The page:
Updated from its original posting on 2013-11-01
As discussed in my article on Self-Coaching for Forex Trading Newbies: Part I, self-coaching can be a cost-efficient and effective way of speeding up the learning curve in forex trading. To do this, you need to be able to record and analyze your results then come up with ways to improve your performance.
To be specific, the self-coaching process is very simple and at a bare minimum, only requires three things: 1.) a trading journal, 2.) lots of self reflection and being honest about yourself, and 3.) writing it all down.
Being able to screenshot charts and mark your entries and exits would make the process more efficient, as well as keeping a spreadsheet of your trading data, but if you have great attention to detail and you’re good with words, then it’s possible to work your way to the competency stage of development by diligently keeping a simple written journal.
The basic self-coaching process is the same as what a coach does:
Observe and record everything: your effort, your plan, any mistakes, and any observations of yourself and market behavior that needs to be addressed. Remember, what isn’t measure can’t be managed or improved.
With the solid fundamental forex trading knowledge and skillset already acquired, review your observations and determine how you can make better decisions or improve the trading process. Again, trading concepts are pretty simple and only requires common sense to improve and avoid mistakes. But you have to ask A LOT of questions. Don’t just look at a winning trade and think, “I should have had a bigger gain.” Ask yourself questions to find out how to improve (e.g., was my target appropriate? should I have added to my position in this environment? was my entry the best in this particular situation?). And if you really need help, show your journal to others for feedback.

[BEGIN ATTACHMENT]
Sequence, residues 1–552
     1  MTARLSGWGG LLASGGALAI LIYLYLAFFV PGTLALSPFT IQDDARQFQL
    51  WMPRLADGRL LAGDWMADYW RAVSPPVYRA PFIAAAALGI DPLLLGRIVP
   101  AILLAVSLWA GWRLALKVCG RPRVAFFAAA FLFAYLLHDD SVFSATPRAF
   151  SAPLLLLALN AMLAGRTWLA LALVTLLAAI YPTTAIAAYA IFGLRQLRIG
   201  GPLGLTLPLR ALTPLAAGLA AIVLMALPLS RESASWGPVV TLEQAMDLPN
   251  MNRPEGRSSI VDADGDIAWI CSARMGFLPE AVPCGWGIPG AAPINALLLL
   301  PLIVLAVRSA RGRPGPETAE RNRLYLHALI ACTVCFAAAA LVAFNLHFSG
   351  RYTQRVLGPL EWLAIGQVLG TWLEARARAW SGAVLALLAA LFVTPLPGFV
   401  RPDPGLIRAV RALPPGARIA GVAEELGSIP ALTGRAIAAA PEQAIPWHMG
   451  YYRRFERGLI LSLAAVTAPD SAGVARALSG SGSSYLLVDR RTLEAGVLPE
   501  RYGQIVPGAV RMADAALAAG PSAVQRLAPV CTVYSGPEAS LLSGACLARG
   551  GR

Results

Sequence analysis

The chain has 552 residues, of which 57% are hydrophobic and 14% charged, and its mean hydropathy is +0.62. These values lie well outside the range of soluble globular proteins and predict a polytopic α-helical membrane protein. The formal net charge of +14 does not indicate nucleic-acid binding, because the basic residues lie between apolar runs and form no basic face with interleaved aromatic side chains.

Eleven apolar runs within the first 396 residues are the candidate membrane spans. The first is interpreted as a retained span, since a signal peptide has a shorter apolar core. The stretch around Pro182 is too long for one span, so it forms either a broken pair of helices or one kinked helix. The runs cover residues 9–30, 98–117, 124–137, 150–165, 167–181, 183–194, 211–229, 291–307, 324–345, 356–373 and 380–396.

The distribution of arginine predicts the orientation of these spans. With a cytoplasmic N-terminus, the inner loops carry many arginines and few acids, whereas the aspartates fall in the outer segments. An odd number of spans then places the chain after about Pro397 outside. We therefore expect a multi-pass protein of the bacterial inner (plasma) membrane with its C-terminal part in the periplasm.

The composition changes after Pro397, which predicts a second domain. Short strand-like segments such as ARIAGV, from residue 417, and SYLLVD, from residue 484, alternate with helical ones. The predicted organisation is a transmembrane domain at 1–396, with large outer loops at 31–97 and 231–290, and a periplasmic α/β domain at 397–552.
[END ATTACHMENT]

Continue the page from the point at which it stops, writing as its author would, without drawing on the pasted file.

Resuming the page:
With your self analysis (or tips from others), create guidelines to help you avoid bad trading habits and to remember to practice good trading habits for future trading sessions. With time and practice, this can be internalized, but you should make it a habit to review it regularly.
Write down why you got into trading and/or your life goals. Review every day to motivate you. You will need to do this because there will be days (very many in the beginning) where trading is not fun (aka profitable).
Rinse, repeat and stay focused.
That’s it folks. Simple, but not easy as this will obviously be a lot of work. A lot of the questions you ask yourself to improve will take time, and maybe some experimentation, before you find the right answer that fits you. And don’t think this process only applies to discretionary traders, chartists, or mechanical traders. Robots need to be watch and improved upon as well, and as with any other tool, applied to the situation it was made for.
Keep in mind that there is no guarantee of success in anything we do, even when years of hard work is applied. This is especially true in the world of trading and investing as it will always be a game of probabilities. But the one thing that I can say is that without a process of deliberate practice and reflection like self-coaching, your probability of success in this business is significantly reduced; maybe even zero.
So, don’t just look at charts, aimlessly buy or sell, call it day, and then grab a drink with friends to celebrate (or sulk) over your trading session…grab your journal and get to work!